With all the talk about funnel hacking and other email tactics, it's easy to forget about the foundational elements of email marketing and what started this whole thing in the first place. In this article, we will look at a blast from the past, helping you understand how to formulate your email newsletter content strategy for the best user experience and click-thru rate.
Are Email Newsletters Still A Thing?
Every clickbait YouTube and social media marketing ad about email marketing begins with something like "newsletters are dead," which couldn't be further from the truth. In fact, newsletters are still one of the best ways to nurture brand awareness, collect valuable customer data, and showcase your industry expertise.
Sure, there are plenty of bad newsletters out there, but then you come across those that provide a ton of value in digestible chunks and an easy-on-the-eyes format. When we execute correctly, newsletters become the forefront of your email marketing strategy, opening the doors to targeted inbox marketing and funnel building.
How To Create Your Newsletter Strategy
Before you send a newsletter, you need a strategy. It is not a strategy for the individual newsletter but one for the overall theme and how you foresee it looking 12 months later. While every email newsletter campaign will differ, there is a general framework you must follow to lock in solid open rates, grow your list, and get visitors to take action.
Here are the steps to creating an impactful newsletter campaign.
Establish Clear Goals
We use goals in the plural here as you must consider your newsletter subscriber and business. First, you need to set a goal to continuously add value to the subscriber and, second, understand how this newsletter can positively help your revenues. Your newsletter campaign does not need to be all give with no get; after all, you are a for-profit business.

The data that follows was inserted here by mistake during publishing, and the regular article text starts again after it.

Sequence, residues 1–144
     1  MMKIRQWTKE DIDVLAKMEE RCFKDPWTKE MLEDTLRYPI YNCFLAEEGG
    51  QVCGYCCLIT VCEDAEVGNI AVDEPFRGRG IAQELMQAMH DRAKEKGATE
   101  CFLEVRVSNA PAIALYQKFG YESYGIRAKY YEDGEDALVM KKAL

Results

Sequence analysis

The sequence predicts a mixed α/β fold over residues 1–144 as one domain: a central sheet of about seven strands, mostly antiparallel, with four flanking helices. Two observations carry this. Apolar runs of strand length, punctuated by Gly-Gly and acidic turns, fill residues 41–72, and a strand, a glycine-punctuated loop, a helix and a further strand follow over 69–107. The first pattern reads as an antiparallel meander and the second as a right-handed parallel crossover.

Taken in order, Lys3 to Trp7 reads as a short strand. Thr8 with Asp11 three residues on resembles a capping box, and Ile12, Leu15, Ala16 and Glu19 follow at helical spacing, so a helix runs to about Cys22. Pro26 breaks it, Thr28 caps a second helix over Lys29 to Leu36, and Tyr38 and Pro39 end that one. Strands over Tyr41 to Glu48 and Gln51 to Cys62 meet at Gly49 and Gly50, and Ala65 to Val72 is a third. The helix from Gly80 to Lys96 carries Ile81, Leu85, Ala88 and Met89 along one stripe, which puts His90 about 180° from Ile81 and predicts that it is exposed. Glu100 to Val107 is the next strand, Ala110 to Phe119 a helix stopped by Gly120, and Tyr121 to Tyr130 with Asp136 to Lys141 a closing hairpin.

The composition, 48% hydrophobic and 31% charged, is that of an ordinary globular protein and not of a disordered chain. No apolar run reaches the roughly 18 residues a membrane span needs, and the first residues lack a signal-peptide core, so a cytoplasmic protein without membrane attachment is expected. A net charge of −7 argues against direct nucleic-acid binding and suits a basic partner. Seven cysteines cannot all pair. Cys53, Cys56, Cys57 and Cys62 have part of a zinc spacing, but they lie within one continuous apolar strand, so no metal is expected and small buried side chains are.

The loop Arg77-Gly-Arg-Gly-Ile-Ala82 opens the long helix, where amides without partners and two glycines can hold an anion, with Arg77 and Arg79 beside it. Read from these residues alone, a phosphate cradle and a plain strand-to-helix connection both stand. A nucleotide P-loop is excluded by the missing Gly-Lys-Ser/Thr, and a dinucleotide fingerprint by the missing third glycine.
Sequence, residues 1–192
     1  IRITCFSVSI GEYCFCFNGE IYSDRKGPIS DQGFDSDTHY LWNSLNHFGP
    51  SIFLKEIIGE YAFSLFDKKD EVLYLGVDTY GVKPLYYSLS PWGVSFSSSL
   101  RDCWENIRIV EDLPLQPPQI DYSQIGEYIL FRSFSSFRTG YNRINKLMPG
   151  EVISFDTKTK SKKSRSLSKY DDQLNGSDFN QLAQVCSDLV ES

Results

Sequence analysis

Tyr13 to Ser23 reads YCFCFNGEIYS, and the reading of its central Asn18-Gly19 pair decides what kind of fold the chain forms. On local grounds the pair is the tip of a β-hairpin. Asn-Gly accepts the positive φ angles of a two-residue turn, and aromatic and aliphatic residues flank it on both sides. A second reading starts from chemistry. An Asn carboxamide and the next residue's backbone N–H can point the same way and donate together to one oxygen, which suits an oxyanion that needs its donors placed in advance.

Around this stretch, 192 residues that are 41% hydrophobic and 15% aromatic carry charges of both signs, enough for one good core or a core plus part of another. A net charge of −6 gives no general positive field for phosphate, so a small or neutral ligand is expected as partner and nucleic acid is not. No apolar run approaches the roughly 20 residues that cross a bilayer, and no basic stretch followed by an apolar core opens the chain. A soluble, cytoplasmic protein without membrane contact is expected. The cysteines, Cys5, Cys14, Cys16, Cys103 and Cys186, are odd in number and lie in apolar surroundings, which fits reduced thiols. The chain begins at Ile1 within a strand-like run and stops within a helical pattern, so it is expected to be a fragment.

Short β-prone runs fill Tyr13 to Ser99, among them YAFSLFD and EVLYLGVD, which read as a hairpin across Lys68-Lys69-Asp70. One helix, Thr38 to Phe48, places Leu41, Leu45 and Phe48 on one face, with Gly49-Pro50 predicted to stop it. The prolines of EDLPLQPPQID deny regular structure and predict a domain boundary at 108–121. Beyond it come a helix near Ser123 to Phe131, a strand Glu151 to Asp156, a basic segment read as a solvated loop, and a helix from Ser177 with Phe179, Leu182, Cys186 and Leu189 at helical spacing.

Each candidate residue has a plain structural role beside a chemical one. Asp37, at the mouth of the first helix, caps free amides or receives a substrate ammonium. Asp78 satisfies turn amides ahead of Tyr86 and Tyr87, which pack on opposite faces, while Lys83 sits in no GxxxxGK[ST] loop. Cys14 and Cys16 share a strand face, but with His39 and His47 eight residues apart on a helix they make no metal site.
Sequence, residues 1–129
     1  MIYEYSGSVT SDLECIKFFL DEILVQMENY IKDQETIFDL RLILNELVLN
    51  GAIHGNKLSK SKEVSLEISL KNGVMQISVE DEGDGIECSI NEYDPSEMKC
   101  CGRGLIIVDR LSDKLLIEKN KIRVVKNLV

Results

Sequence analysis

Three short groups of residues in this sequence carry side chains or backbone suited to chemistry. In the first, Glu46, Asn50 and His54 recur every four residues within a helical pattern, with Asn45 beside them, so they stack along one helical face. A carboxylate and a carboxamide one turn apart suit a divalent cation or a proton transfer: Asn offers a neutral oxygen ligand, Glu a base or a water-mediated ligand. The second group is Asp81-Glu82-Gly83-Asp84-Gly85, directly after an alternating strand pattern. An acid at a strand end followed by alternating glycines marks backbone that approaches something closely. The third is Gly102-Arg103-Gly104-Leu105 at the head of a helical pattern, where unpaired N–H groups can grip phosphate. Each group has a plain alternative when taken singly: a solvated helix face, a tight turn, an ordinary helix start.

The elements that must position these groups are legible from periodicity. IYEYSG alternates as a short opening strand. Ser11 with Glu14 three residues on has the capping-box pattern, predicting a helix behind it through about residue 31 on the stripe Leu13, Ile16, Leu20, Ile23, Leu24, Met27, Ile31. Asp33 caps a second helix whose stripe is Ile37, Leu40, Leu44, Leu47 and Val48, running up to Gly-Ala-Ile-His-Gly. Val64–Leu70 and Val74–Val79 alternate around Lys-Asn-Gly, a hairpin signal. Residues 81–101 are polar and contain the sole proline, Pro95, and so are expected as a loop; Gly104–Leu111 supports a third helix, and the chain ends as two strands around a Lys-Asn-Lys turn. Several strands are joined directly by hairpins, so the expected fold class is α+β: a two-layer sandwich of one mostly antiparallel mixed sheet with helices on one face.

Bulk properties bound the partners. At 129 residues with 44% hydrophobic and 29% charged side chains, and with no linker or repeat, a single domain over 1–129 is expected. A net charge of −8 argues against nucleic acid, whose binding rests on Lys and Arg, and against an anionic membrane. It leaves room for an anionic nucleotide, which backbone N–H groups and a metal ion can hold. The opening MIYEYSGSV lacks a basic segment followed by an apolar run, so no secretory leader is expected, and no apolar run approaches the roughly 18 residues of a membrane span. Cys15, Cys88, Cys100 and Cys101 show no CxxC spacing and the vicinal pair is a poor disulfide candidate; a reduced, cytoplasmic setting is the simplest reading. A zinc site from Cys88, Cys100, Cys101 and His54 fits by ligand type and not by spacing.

Set realistic goals for your campaign. It's better to create achievable goals rather than lofty unreachable campaign objectives that only a company with years of experience can achieve. However, if you want to increase your goals, sign your company up with an agency equipped with a team of email marketing experts.
Poll Your Email Subscribers
The biggest mistake brands make with email newsletters is assuming they know what subscribers want to hear. Valuable content for the brand may be completely different from the target audience, and the best way to determine what the reader wants to read is to ask them.
Kind of a no-brainer, right? You can accomplish this by simply creating polls with your social media followers, or if you have an existing list that you've lost in your email marketing software, start sending them surveys asking for their help.
Leverage Existing Content
In many cases, the results of your polls and surveys will be suggestions for topics you have previously discussed or continue to discuss across other platforms. Rather than trying to create content ideas from scratch, dig into your previous and current marketing efforts to find relevant content that is helpful to your audience.
You can find this content in your social media activity, a relevant blog post, or other forms of content marketing. If you dig into the crates of your business, many newsletter ideas will present themselves.